I'm a licensed massage therapist with a background in biochemistry and also a mother of two. After almost two years of focusing on shorter race distances, I am back on the marathon training horse. My next goal race is the Bank of America Chicago Marathon. I write mostly about health and science as they relate to running as well as being part of a running family.

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11 comments

    1. Thanks. Yeah, I think humidity is the worst condition for me personally. But I had hoped I had outsmarted it a bit with my preparations. Wouldn’t you know it, a week later and we have beautiful fall weather.

  1. Very interesting to hear you took Gu twice in such a short race when you are so speedy. I’m prone to fainting and dizziness when I exert myself beyond potential and in hot/humid races (even recently once while training this summer). I am a fainter even without physical exertion–it’s just a vasovagal sensitivity and not cardio or neurological, thankfully.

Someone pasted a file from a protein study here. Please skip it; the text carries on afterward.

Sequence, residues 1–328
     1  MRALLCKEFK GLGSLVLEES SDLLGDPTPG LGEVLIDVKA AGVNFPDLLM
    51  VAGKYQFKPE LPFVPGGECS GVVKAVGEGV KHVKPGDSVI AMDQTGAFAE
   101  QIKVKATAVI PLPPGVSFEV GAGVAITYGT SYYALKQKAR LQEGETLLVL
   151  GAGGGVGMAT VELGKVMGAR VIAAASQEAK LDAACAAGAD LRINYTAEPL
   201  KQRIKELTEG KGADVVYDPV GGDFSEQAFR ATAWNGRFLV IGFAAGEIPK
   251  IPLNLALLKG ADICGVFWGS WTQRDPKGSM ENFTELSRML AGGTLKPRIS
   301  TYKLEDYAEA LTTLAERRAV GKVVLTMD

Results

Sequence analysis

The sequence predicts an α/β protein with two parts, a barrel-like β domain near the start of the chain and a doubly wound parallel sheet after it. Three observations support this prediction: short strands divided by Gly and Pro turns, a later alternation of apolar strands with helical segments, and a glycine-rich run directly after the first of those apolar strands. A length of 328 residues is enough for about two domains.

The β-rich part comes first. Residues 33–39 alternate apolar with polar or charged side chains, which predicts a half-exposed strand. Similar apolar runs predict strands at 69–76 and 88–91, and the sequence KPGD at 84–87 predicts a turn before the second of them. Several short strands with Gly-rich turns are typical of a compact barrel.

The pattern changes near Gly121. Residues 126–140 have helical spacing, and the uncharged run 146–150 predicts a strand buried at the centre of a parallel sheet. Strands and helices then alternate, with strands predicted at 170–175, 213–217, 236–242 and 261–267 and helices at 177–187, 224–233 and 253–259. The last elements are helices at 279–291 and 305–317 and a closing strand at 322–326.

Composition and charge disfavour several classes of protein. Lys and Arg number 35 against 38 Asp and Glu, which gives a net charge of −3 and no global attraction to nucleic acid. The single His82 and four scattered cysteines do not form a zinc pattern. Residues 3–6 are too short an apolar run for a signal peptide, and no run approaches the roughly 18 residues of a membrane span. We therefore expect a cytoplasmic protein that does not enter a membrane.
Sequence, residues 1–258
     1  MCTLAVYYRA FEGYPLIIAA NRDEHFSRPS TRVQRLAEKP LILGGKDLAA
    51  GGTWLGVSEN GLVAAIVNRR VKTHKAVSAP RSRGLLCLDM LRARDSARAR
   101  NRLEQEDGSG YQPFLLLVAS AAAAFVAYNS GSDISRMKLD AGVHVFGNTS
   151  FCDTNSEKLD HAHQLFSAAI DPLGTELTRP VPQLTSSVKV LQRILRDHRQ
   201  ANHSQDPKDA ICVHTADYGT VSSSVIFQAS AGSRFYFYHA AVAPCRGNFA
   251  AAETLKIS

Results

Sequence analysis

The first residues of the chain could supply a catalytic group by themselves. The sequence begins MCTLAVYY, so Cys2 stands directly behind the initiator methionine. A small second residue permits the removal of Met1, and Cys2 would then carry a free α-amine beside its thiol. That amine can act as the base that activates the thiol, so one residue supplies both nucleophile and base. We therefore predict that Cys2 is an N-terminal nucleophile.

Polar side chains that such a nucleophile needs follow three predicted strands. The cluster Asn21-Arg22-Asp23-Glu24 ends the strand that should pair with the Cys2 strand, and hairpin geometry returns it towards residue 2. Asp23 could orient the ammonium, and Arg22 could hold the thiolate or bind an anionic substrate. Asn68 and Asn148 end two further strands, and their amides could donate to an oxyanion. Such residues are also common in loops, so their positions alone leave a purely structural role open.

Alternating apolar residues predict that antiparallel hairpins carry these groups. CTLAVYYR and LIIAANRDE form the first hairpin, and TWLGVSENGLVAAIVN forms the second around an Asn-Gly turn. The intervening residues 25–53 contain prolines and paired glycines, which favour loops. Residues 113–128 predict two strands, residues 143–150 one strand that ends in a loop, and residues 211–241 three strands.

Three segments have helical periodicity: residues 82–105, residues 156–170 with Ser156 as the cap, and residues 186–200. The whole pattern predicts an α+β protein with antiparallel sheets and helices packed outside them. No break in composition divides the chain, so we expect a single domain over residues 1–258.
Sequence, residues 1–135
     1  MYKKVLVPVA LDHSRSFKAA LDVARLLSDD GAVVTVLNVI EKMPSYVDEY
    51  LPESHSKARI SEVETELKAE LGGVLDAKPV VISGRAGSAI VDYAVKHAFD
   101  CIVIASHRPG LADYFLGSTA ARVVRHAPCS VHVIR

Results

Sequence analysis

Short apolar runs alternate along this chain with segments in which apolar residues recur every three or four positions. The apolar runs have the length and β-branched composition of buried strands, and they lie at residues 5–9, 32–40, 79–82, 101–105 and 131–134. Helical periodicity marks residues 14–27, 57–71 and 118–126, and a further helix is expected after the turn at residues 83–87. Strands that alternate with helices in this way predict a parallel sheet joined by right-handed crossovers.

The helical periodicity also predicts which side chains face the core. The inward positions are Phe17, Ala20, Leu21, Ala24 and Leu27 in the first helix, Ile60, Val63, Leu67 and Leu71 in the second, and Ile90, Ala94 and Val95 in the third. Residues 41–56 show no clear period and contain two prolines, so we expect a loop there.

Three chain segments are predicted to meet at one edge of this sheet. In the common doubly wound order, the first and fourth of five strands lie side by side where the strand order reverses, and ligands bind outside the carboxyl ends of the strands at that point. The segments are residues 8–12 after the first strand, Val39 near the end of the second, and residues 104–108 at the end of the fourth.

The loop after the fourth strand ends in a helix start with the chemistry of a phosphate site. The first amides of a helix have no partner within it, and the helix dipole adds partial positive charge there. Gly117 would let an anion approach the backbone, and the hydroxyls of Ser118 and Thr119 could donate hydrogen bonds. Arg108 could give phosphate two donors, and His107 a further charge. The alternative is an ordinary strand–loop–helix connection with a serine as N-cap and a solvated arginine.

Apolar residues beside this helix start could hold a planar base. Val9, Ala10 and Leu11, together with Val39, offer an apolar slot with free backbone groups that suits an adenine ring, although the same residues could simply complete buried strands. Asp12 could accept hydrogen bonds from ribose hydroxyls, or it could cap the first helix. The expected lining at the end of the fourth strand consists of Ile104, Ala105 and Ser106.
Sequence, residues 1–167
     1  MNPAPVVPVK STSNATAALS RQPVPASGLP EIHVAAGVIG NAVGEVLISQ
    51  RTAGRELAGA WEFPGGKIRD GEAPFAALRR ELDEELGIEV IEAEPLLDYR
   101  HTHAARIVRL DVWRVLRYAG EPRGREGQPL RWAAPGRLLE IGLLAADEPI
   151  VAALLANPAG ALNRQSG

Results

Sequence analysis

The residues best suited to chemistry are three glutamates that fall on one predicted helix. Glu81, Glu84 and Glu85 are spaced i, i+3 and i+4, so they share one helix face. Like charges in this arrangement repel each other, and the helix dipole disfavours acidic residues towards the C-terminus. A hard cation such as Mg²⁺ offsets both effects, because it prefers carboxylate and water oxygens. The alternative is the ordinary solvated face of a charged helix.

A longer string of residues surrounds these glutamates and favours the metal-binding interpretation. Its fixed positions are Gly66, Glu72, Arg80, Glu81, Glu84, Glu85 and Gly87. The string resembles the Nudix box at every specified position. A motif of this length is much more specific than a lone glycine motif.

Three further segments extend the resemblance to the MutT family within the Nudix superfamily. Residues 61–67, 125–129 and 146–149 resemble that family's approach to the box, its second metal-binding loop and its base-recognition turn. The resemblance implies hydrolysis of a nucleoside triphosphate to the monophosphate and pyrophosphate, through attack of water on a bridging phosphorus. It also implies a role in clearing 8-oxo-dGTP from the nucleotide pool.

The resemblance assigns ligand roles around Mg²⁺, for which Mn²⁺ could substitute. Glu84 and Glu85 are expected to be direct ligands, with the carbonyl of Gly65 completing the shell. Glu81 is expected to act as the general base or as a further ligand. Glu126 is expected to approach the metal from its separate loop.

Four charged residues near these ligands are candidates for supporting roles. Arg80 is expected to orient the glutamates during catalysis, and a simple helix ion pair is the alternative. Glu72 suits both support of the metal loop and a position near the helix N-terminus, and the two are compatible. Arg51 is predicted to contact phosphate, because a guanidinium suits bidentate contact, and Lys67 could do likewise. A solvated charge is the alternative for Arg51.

Iknow I sweat like a man and it’s very salty as I have streaks down my body and even on my watch. I haven’t yet solved for the best fuel/hydration to prevent these episodes, but hearing your fueling strategy was insightful. I know I could use more electrolytes, but it just seemed unnecessary on runs/races less than 2 hours. It’s hard to get enough without triggering GI distress as well. I would have never thought to take more in a half and I’m no where near as fast as you (1:37 PR). I’m trying generally to eat a more balanced diet and even converted from 20+ year vegetarian to carnivore again. Believe it or not, it has helped. Protein was clearly lacking and I wasn’t effective enough in consuming vegan sources.

    Congrats on a great race and hope you leverage the training for your next challenge.